Steven Soderbergh has made something of a habit over the past few years of threatening his departure from the cinematic arena. A fiercely independent filmmaker who has found getting his visions onto the screen more and more difficult, this year he had announced as his retirement from the medium. Prior to the acclaimed Liberace biopic, Behind the Candelabra (2013), was the low-key psychological thriller Side Effects (2013). It may not have threatened box-office records upon initial release but this smart and gripping mystery has more than enough twists and turns to find itself an audience on DVD and Blu-ray.
The opening gambit is an attention-grabbing tracking shot following a trail of blood through a swanky New York apartment. Exactly who has done what in this scenario is deftly delayed as the action flits back to several months earlier and Emily (Rooney Mara) welcoming her husband Martin (Channing Tatum) home after a brief stretch for insider trading. All is clearly not well, however, and soon the clinically depressed Emily is seeing a psychiatrist after a failed suicide attempt. Said shrink, Jonathan (Jude Law), is concerned for her well-being and after consulting with her previous doctor, Victoria (Catherine Zeta-Jones), agrees to prescribe a brand new experimental medication, Ablixa, to help her function normally.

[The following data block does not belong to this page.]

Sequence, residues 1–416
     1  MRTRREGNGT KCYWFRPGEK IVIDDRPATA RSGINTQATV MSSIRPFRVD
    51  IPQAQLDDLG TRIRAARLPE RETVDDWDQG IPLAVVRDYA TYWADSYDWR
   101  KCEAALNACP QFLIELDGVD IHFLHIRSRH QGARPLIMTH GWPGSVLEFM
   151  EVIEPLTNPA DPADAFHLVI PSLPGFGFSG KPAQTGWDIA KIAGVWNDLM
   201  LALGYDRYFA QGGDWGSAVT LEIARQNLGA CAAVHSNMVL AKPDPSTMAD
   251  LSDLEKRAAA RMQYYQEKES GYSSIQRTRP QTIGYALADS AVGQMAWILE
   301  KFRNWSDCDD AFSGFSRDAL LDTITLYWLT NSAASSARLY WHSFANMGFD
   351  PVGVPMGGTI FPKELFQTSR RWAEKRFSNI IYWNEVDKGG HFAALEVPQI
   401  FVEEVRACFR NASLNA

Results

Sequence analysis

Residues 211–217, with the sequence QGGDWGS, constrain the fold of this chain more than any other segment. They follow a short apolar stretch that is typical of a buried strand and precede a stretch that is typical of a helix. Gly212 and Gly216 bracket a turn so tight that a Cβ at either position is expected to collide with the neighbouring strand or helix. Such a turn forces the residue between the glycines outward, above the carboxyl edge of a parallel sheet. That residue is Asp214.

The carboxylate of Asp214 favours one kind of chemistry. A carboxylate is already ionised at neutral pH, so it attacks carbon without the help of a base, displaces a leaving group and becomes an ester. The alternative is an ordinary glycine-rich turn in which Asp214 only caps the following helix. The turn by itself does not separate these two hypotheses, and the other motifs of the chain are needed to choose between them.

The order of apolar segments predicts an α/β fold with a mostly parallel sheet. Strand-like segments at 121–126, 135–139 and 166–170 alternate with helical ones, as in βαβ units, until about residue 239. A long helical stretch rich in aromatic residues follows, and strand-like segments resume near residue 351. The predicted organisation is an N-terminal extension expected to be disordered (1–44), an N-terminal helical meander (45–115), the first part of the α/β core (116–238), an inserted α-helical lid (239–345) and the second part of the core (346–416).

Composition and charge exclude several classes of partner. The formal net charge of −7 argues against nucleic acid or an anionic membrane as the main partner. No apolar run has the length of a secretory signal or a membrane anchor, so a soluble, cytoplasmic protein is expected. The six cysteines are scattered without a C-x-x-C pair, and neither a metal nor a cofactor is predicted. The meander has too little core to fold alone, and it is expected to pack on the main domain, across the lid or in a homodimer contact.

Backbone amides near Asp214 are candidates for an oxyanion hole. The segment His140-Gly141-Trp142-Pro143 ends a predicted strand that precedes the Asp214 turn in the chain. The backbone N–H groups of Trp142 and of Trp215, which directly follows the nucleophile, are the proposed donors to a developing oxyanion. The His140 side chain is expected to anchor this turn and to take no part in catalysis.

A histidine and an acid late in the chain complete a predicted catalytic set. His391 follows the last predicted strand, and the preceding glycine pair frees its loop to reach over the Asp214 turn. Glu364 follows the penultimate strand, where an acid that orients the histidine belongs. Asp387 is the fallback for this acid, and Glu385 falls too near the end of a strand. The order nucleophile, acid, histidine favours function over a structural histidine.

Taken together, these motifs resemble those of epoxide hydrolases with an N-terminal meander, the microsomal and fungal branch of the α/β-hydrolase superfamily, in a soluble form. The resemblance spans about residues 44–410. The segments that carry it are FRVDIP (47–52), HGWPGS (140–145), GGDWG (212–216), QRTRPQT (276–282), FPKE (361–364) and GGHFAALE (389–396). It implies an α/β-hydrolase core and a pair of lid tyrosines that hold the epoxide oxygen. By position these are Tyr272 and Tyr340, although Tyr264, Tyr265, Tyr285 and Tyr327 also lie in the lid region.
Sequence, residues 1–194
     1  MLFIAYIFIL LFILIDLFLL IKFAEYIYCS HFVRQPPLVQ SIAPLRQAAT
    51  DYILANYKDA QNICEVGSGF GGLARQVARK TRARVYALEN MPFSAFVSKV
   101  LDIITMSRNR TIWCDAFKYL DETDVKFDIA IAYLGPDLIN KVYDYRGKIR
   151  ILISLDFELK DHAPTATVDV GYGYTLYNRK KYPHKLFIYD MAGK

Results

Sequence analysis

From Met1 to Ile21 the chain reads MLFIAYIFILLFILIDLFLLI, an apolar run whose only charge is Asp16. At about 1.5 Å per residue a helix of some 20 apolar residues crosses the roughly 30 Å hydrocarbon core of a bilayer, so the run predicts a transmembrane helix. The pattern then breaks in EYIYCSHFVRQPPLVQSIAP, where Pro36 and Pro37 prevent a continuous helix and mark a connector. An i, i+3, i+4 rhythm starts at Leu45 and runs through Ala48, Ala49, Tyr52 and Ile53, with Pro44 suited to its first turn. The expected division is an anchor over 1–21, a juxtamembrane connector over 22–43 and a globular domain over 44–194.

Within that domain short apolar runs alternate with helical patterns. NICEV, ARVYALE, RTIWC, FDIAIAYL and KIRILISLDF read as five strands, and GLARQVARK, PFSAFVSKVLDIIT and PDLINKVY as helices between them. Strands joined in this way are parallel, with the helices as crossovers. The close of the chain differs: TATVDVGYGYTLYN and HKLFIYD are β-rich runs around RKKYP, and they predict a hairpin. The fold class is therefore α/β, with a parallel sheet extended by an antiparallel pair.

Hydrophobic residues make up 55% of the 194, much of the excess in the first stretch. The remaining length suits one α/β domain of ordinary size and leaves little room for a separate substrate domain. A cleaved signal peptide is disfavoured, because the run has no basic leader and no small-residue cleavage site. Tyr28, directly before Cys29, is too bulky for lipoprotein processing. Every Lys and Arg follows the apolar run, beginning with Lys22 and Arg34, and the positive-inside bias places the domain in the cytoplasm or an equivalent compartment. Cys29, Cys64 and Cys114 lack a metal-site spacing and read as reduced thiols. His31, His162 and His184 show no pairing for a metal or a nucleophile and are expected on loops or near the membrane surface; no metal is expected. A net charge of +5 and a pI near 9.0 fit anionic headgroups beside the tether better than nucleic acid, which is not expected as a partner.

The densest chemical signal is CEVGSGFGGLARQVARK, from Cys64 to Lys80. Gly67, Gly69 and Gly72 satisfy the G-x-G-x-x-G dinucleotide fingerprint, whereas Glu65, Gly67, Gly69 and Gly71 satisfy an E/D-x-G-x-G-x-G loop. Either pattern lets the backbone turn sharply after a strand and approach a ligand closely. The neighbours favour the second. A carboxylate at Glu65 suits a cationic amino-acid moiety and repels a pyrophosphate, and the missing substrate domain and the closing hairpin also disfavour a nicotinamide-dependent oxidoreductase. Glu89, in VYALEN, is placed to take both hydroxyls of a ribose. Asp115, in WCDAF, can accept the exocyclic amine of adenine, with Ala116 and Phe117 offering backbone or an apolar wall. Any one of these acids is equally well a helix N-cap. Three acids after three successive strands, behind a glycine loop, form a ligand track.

Thus ensue the titular side effects and soon the entire cast of characters has become ensnared in an intricate plot comprising murder, blackmail, and the insidious moral corruption of ‘big pharma’. Soderbergh’s uncanny ability to shift genres rarely results in a misfire but here he’s really in his element weaving together indie sensibilities, believable characters and the murky strands of a fascinating and intricate puzzler. The performances are all good, with Mara carrying off the difficult task of a damaged young woman drifting from numbed depression to drug-addled sedation. However, it’s with Law that the crux of the film really lies, however, and he’s on excellent form as the conflicted Brit trying to stay on the straight and narrow.
If this year really is to be Soderbergh’s bow, then this is a more than notable way to help round things out. Even when its conclusion seems to be revealing itself, exactly how things will pan out is never clear and its wealth of (possibly) duplicitous characters mean that loyalties are always forged on unstable ground. It’s rare for a thriller of this kind to reach a satisfying conclusion, but Side Effects manages it whilst remaining riveting and entertaining in the process.
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